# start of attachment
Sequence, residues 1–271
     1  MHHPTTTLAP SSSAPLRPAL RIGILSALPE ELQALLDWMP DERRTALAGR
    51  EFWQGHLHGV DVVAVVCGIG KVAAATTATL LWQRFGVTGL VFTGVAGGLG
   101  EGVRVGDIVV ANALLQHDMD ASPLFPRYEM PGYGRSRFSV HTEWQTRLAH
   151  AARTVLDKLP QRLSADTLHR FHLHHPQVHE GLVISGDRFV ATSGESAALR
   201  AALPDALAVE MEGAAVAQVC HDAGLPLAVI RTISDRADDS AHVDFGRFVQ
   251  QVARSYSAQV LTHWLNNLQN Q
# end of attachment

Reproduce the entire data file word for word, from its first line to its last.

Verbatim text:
Sequence, residues 1–271
     1  MHHPTTTLAP SSSAPLRPAL RIGILSALPE ELQALLDWMP DERRTALAGR
    51  EFWQGHLHGV DVVAVVCGIG KVAAATTATL LWQRFGVTGL VFTGVAGGLG
   101  EGVRVGDIVV ANALLQHDMD ASPLFPRYEM PGYGRSRFSV HTEWQTRLAH
   151  AARTVLDKLP QRLSADTLHR FHLHHPQVHE GLVISGDRFV ATSGESAALR
   201  AALPDALAVE MEGAAVAQVC HDAGLPLAVI RTISDRADDS AHVDFGRFVQ
   251  QVARSYSAQV LTHWLNNLQN Q